Examples of games with definitive linear forms are: Half Life 2, Halo, and Final Fantasy VII
Non-Linears: are games that are non-static and non-interactive in their format. In this form type event structure is never predetermined but the player has no way of influencing it. In a strict Non-linear the sequence of progression are entirely determined by the game’s systems. This is not to be confused with decisions like play order or gameplay choices. Many open world games allow the player to choose the order of how interact with the content but may not allow them to meaningfully affect the contents structure as they do with interactives. Stricter examples of this form type are regularly procedural games that randomly generate levels and scenarios every time they are played.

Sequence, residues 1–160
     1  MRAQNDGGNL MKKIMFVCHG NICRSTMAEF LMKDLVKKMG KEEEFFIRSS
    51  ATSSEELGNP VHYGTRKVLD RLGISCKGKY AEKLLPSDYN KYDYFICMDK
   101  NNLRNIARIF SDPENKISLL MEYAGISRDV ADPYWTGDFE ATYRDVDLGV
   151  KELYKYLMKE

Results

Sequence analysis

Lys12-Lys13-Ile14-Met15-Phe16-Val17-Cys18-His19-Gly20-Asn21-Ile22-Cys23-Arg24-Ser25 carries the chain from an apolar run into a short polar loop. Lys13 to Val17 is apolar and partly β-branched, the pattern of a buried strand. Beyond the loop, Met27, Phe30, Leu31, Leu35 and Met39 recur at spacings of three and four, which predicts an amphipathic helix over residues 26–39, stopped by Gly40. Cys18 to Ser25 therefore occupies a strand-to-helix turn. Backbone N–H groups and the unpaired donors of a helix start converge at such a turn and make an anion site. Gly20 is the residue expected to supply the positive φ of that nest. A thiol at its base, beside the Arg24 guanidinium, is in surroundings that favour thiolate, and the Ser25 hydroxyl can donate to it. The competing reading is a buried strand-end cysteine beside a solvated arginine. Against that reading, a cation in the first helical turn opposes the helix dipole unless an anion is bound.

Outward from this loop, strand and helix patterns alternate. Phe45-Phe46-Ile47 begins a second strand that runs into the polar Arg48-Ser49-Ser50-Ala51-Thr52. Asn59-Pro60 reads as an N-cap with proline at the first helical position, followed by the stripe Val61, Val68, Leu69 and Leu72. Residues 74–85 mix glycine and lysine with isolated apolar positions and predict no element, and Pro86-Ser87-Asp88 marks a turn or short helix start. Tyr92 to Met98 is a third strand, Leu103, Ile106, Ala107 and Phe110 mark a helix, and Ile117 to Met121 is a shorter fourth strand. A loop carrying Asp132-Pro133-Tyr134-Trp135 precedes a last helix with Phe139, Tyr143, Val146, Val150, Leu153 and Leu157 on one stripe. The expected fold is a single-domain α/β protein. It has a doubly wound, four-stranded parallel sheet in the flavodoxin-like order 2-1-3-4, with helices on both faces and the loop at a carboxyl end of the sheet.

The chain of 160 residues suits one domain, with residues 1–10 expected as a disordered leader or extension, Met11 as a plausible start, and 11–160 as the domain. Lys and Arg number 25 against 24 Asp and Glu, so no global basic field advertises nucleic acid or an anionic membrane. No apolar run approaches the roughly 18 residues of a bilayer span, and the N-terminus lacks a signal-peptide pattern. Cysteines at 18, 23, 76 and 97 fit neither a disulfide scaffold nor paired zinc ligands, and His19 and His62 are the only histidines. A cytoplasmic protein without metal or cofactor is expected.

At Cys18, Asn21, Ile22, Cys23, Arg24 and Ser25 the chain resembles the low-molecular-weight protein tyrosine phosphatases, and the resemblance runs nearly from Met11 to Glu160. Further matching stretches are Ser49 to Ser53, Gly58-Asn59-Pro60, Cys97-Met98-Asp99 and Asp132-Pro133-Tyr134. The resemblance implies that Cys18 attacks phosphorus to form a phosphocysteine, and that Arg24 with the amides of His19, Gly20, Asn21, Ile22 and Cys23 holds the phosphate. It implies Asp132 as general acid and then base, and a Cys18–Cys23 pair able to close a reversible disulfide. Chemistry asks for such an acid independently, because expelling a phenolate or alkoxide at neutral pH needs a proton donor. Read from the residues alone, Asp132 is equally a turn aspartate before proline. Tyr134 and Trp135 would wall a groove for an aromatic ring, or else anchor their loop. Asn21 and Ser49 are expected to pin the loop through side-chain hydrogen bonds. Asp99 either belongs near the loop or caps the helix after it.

Examples of games with definitive non-linear forms are: Minecraft, Nethack, and Tetris
Interactives: are games with formats that are player determined. In this strict form type all of the structure of a game’s format is determined by the actions and decisions of the player. While conceptually Interactivity seems like is should be an independent axis of description, in practice a game with a strict interactive format is exactly between linear and non-linear in its variability. A strict Interactive requires both linear and non-linear elements for the player to use and react to in order to work.
Examples of games with definitive Interactive forms are: Heavy Rain, Planescape Torment, Mass Effect.
The above categories are only the extremes of this system of analysis, each game will have its own proportions of elements from each type. And using those proportions we can place them onto the form graph.